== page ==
No gender gap in entrepreneurial activity in Jamaica – Report
THE 2021-2022 Global Entrepreneurship Monitor, GEM, report indicates that the gender distribution of Jamaica’s total early-stage entrepreneurial activity, TEA, are majority female, although, when compared to new businesses, the more established businesses are in the hands of men.
Done in association with the University of Technology, UTech, through its College of Business and Management, the survey shows that the majority of both nascent entrepreneurs, 52 per cent, and established businesses operators, 54.9 per cent, are women.
The finding is similar to that of the 2016-17 report which was done in Jamaica, and states that females in the Caribbean are more likely to start businesses, with the main reason for doing so being ‘out of necessity’.
The finding about the dominance of women in entrepreneurship, researchers observed, is not consistent with the 2020-21 global distribution of other economies with respect to both nascent entrepreneurs and established businesses.
Globally, new businesses are still more likely to be started by men.
The GEM report also points out: “Women entrepreneurs have been on the increase worldwide and have been playing an essential role in global and local economic development.”
It added: “Having more women involved in entrepreneurial activities has been leading to more economic freedom, gender equality, women empowerment and social inclusion.”
The writers said: “Females tend to innovate, initiate, engage, and operate business enterprises so as to contribute to domestic development and household incomes, particularly during the novel coronavirus, COVID-19, pandemic and especially in rural areas.”
Overall, in Jamaica the majority of TEA entrepreneurs are female, at59 per cent.
The writers commented: “This indicates that there is no gender gap (ratio of total female to male entrepreneurs) in entrepreneurial activities in Jamaica, a finding which bears some similarity to the Dominican Republic and Morocco, two other Level C economies.”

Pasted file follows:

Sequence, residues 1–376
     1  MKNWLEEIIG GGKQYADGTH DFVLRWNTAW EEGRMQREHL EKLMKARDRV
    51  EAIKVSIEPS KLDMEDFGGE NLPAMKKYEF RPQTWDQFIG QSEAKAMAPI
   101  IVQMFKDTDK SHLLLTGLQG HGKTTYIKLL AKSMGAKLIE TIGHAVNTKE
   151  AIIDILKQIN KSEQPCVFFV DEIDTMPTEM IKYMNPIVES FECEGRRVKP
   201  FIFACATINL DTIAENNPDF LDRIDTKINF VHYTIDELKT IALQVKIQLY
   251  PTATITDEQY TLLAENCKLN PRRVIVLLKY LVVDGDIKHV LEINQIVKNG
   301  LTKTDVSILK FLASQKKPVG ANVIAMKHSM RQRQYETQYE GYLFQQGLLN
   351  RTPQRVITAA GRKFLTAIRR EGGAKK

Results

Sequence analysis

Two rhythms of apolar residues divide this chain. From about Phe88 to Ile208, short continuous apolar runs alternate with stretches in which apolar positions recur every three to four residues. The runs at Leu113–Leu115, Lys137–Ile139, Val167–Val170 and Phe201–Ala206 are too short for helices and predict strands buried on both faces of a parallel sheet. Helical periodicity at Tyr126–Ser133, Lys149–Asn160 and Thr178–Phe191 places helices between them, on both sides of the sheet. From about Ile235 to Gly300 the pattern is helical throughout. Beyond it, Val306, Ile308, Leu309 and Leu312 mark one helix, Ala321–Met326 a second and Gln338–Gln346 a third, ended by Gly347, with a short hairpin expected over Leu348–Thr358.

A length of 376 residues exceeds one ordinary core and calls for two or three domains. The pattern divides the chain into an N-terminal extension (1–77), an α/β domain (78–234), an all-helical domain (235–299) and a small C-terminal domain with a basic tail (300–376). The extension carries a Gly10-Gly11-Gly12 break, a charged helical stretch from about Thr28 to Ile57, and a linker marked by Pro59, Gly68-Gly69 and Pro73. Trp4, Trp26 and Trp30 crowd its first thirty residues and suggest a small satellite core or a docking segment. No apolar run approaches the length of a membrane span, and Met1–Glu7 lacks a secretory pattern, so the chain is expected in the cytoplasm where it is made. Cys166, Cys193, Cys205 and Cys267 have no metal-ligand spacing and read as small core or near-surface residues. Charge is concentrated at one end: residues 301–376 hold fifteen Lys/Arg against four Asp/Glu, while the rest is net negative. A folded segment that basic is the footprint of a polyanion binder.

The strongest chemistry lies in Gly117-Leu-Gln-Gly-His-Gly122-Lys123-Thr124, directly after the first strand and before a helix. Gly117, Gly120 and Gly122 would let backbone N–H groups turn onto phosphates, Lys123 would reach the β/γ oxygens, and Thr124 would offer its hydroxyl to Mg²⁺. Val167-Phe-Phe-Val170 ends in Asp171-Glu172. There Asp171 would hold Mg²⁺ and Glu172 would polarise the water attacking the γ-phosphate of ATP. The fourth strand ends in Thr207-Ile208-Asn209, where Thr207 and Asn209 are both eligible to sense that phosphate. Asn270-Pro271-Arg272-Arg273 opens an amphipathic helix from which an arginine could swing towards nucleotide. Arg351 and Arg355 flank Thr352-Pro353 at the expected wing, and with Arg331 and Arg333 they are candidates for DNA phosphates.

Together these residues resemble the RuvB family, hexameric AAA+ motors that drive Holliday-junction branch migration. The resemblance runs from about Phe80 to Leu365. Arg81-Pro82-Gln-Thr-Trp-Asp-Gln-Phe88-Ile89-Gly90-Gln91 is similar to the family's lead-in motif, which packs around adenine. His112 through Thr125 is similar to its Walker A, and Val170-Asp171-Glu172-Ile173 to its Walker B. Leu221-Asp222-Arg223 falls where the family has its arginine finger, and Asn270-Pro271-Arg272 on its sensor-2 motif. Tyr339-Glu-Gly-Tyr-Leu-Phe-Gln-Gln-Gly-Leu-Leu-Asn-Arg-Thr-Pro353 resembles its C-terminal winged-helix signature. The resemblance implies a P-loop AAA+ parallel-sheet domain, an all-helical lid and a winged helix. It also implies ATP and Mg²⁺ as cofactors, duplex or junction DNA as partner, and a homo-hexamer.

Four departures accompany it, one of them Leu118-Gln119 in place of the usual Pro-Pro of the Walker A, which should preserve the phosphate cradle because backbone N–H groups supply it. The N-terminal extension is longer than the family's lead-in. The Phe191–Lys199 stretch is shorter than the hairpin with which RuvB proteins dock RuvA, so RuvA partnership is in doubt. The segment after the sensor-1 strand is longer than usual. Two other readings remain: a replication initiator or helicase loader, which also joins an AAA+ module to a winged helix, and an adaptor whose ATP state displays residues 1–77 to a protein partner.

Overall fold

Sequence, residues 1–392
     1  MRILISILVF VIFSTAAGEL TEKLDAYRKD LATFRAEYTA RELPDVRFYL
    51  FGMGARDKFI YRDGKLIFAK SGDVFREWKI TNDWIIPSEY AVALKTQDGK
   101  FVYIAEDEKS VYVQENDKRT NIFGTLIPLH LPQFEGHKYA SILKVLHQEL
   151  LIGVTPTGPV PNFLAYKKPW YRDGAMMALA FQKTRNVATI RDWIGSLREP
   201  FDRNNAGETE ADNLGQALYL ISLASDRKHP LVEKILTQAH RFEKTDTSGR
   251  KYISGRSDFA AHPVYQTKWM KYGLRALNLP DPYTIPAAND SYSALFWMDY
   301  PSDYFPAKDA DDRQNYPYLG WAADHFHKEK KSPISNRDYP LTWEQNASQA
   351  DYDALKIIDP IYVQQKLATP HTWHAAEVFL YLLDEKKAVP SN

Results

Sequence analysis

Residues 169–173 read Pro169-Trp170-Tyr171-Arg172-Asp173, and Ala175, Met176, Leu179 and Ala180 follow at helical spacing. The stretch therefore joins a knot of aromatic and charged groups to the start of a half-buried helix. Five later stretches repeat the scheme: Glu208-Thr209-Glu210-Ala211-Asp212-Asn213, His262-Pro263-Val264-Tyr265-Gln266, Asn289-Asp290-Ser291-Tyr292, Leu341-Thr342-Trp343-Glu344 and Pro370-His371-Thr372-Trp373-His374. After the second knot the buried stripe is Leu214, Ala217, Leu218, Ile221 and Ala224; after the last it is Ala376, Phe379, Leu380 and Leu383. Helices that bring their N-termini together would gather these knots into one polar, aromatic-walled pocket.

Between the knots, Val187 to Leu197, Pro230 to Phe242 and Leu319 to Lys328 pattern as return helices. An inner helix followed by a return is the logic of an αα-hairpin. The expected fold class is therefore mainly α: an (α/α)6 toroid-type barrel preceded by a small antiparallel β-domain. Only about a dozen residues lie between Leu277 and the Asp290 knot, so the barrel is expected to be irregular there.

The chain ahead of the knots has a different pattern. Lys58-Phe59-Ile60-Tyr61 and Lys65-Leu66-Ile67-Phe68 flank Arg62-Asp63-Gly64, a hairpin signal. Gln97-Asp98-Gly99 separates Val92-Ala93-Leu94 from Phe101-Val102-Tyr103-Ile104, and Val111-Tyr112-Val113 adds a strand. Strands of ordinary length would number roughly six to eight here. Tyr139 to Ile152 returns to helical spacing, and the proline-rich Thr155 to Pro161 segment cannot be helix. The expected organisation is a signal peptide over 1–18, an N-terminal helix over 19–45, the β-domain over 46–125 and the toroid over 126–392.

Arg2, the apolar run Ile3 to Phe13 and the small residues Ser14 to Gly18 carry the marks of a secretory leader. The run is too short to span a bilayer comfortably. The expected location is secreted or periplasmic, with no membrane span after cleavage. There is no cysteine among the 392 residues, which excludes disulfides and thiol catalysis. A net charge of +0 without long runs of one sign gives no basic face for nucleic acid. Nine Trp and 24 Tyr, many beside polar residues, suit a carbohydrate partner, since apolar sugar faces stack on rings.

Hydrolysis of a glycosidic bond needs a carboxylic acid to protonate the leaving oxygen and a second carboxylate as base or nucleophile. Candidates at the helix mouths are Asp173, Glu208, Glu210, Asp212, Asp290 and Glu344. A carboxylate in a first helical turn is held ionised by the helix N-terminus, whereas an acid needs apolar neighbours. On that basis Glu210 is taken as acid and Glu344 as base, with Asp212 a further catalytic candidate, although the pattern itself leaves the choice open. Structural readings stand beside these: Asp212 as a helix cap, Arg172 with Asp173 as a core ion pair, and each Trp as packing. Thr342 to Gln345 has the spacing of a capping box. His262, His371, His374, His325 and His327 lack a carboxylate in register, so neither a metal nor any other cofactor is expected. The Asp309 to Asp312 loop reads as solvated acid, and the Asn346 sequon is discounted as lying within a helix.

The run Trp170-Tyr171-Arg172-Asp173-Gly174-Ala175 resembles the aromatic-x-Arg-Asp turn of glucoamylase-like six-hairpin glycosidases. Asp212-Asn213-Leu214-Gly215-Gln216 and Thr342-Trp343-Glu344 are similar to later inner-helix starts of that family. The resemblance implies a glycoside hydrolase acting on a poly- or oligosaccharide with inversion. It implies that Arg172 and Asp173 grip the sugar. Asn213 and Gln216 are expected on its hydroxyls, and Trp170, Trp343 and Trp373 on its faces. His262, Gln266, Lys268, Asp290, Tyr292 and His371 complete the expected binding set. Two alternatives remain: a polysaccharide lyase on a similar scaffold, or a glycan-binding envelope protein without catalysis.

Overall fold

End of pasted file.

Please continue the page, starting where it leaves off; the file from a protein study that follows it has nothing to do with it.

Overall, in the current survey, the data indicates that the 25- to 34-year age range is the most active in entrepreneurial activities, followed by the 18- to 24year-old age range. In total, the majority of the TEA, 59 per cent, are within the 18-34 age range.
Overall, it was noted: “Younger people tend to have more energy. They are more familiar with business-accelerating technology, as well as new and emerging markets.”
The report states that younger people are also more prepared to take risks, as they have more time to overcome business failure.
The writers stated: “Although older people have more knowledge and experience, and better access to capital and other resources, they may not want to venture into entrepreneurial activities because of the potential risks involved.”
GEM, in the new survey, said that Jamaica has the highest percentage, 32 per cent, of entrepreneurs in the 25-34 age group when compared to the global, 17.8 per cent, and low-income countries, 19.3 per cent.
The 2021-22 GEM report is produced by a consortium of national country teams which conduct survey-based research on entrepreneurship and its entrepreneurship ecosystems around the world.